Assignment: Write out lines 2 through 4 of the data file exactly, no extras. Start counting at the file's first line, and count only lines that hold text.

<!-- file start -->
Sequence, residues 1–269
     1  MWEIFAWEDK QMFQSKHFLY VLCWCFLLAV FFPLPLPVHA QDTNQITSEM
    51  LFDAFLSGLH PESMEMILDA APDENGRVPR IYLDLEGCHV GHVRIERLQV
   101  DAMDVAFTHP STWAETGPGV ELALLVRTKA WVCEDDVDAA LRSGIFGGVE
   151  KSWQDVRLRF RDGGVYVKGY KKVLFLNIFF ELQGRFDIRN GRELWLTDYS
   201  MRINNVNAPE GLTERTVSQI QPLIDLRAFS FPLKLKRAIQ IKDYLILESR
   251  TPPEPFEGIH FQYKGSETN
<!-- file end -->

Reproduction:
     1  MWEIFAWEDK QMFQSKHFLY VLCWCFLLAV FFPLPLPVHA QDTNQITSEM
    51  LFDAFLSGLH PESMEMILDA APDENGRVPR IYLDLEGCHV GHVRIERLQV
   101  DAMDVAFTHP STWAETGPGV ELALLVRTKA WVCEDDVDAA LRSGIFGGVE